To top
Share on FacebookTweet about this on TwitterPin on PinterestShare on Google+Share on LinkedInEmail this to someone

The invention and mass production of the automobile gave people the power to control where they could go. The Ford Model T was the first commercially successful automobile, selling 15 million units between 1908 and 1927, using interchangeable parts and the assembly line to mass produce cars and reduce the time of production from 12 hours to 93 minutes. This allowed automobiles—formerly toys of the rich—to be owned by just about anyone. Ford also revolutionized labor standards by making use of the assembly line and efficiently dividing up the manpower to manufacture his product.

Ford famously said of his invention, “I will build a car for the great multitude. It will be large enough for the family, but small enough for the individual to run and care for. It will be constructed of the best materials, by the best men to be hired, after the simplest designs that modern engineering can devise. But it will be so low in price that no man making a good salary will be unable to own one—and enjoy with his family the blessing of hours of pleasure in God’s great open spaces.”

Cars weren’t only tools to get you from Point A to Point B. They also evolved to become mobile entertainment centers. By 1930, the car radio was introduced by brothers Paul and Joseph Galvin, alongside William Lear. The car radio was called the Motorola and made its way into every automobile by the 1950s. This was quickly followed by cassette tapes in 1964, CD tapes in the 1980s, and MP3 players by the beginning of the new decade. The global positioning satellite (GPS) systems also made their way into cars with the Mazda Eunos Cosmo in 1990. By the turn of the century, tech was throwing itself at cars at rapid speed, making the fusion between the two inevitable. In addition to all the mentioned tech, in-car Internet, in-car televisions, and more were becoming the norm rather than the exception.

Fast forward to the 2010s, and you have self-driving cars. One of the main benefits is to give people peace of mind as they commute to work or run errands. Google’s foray into the space, while still in its experimental stage, has proven that car tech has advanced far enough to not even require someone to drive the car. Driverless cars are being tested in various cities around the world. Elon Musk even mentioned that Tesla is on the brink of a driverless car, which could mean one can avail of the sustainability of electric cars with the convenience of not having to drive it.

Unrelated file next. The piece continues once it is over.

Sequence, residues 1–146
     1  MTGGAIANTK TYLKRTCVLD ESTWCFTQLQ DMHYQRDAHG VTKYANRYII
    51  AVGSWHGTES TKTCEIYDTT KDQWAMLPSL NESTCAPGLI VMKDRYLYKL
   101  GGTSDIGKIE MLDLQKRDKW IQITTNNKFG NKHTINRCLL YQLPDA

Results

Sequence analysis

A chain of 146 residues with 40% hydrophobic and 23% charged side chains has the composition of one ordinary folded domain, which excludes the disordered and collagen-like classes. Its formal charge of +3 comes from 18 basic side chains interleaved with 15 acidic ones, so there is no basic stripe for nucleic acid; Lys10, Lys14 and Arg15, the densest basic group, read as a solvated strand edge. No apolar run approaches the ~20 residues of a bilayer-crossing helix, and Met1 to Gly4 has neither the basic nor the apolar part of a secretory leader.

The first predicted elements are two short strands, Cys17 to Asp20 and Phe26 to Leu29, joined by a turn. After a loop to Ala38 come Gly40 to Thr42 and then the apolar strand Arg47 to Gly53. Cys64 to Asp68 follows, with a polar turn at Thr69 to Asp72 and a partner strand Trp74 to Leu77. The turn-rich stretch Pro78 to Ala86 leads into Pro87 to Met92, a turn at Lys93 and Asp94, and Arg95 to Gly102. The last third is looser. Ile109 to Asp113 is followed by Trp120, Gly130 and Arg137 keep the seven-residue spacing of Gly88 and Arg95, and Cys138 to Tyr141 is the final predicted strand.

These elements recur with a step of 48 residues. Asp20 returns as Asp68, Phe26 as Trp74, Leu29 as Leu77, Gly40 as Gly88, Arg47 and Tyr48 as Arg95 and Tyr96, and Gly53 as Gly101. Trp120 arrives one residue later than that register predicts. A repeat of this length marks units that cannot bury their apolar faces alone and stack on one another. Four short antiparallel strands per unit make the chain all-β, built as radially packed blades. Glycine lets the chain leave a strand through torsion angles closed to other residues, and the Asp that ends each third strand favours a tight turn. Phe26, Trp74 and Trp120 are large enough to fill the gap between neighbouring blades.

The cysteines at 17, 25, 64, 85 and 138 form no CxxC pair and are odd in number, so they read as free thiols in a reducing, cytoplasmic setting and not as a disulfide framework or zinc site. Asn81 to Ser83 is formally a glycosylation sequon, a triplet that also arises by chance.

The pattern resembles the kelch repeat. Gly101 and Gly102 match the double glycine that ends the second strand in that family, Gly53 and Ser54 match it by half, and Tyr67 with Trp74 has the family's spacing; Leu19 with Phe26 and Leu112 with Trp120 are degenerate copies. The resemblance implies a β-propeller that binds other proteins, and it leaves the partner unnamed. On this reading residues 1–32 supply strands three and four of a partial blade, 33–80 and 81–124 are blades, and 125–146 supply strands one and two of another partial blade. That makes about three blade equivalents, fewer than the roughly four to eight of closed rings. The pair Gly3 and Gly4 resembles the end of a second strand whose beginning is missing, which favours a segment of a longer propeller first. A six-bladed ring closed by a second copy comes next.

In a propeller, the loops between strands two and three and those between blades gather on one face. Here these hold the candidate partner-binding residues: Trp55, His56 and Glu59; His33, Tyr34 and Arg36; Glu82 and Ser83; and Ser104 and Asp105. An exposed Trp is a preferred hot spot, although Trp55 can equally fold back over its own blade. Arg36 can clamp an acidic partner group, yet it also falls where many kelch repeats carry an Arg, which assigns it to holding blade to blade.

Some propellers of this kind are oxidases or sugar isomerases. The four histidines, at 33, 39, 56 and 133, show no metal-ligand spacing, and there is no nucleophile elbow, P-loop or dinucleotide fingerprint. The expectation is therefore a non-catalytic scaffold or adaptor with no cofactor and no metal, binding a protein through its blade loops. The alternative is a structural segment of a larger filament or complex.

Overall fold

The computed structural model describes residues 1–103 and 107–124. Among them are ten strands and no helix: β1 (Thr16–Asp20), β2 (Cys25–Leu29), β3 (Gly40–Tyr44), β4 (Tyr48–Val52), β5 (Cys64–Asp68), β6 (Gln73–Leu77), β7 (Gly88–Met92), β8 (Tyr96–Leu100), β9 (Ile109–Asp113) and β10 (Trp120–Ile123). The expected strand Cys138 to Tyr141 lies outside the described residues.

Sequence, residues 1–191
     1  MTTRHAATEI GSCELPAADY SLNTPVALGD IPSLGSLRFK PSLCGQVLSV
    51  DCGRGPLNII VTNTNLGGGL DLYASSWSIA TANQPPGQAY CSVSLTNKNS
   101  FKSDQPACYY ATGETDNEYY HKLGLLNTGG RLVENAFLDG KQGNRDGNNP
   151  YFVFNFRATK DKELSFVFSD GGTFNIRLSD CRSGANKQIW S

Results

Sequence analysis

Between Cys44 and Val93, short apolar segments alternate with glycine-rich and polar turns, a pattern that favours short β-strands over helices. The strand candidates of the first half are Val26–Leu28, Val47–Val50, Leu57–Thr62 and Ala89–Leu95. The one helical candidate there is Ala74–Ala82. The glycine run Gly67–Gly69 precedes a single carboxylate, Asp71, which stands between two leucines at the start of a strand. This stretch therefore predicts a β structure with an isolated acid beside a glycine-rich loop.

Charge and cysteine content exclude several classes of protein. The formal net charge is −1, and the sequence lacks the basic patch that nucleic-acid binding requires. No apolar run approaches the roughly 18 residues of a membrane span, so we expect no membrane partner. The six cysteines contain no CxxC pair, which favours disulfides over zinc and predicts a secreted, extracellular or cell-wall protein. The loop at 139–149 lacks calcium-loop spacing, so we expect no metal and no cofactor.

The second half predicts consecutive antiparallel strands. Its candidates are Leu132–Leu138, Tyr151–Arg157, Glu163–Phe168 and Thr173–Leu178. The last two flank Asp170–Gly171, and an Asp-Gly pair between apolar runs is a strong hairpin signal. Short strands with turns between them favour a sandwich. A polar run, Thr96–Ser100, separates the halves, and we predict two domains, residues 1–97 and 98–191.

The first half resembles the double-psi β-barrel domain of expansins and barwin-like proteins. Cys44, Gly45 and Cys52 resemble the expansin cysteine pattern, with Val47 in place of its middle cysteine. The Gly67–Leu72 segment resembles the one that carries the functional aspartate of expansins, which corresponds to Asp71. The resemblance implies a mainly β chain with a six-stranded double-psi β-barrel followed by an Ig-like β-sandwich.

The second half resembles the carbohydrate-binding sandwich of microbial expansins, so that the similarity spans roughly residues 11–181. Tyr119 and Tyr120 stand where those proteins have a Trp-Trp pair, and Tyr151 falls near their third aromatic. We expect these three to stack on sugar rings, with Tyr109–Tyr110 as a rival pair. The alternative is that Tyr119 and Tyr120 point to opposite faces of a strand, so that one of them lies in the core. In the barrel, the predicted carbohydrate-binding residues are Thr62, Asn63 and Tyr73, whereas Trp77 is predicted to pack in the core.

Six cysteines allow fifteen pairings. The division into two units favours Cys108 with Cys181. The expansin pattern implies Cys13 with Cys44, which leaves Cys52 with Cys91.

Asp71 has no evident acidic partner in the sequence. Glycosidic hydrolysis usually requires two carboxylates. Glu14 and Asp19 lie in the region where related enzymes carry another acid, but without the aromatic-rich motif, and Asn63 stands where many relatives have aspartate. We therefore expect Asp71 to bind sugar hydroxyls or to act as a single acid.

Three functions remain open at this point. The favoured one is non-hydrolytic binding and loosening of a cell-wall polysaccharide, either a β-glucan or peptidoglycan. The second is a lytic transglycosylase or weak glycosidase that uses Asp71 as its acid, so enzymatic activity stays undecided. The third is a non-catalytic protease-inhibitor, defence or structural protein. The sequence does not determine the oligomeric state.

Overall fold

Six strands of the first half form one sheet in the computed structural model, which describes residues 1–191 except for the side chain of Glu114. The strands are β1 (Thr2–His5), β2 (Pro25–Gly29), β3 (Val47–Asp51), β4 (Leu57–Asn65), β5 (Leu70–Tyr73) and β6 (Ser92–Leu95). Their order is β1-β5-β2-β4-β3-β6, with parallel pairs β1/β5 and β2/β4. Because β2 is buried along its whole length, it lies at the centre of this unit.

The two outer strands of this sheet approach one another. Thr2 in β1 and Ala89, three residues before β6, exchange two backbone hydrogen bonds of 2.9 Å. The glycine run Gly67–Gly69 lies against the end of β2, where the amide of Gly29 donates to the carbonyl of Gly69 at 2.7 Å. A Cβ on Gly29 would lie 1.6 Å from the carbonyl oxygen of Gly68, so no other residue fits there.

However, all this tech may be its own undoing. Chrysler recently recalled 1.4 million vehicles after security experts proved that they could hack and control a 2015 Jeep Cherokee. Charlie Miller and Chris Valasek, two security experts, said that any car with the current technology in it—which could have as many as 200 electronic control units (ECUs)—could be a target. “We could have easily done the same thing on one of the hundreds of vulnerable vehicles on the road,” Miller told Computer World.

How did they do it? Miller and Valasek acquired access to the car’s technology through the cellular connection on the car. While ethical hackers such as Miller and Valasek are helping car manufacturers patch security holes in their in-car tech, the National Highway Traffic Safety Administration is also looking into making cars hack-proof.

Security experts have been warning people for years about connecting everything to the Internet (a concept called the Internet of Things), but according to the Washington Post, car manufacturers can stay ahead of the dark side of the Internet for one reason: variety. There are huge differences between car models from one year to the next (even from the same manufacturer), meaning that hackers would have to develop a different strategy to hack into each model, giving manufacturers time to patch any security holes.

“They haven’t been able to weaponize it. They haven’t been able to package it yet so that it’s easily exploitable,” said former Ford global technologist John Ellis. “You can do it on a one-car basis. You can’t yet do it on a 100,000-car basis.” However, Ellis and his colleagues state that automobile development cycles tend to be lengthy. Without regularly updating the in-car software, hackers could still break in and cause problems.

Security experts said that a hacker-proof car would not be on the market until 2018 at the earliest. Replacing all the vulnerable cars on the road might also take several more decades. Government officials are seeking to combat this problem as soon as possible. “Cars are a major part of the Internet of Things,” said Sen. Edward J. Markey (D-Mass.). Markey, who also sits on the Senate Committee on Commerce, Science and Transportation, has filed a bill in the Senate to apply cybersecurity standards to automobiles.

“We’ve moved from an era of combustion engines to computerized engines, but we haven’t put into place the proper protections against hackers and data trackers,” Markey added. The courts and legal system also have an interest—hacked cars could also injure drivers and passengers, prompting lawsuits against the automotive industry.

While tech and automobiles have a symbiotic relationship, not all are excited about having excessive tech in cars. Ellis, in particular, pointed out how car manufacturers are so disconnected from the very tech that they put in their cars. “Am I scared of this near future? Sure,” Ellis said. “I’m scared because car manufacturers don’t get software. This isn’t a car problem. It’s a software and business model problem.”

Leave a Reply

We are on Instagram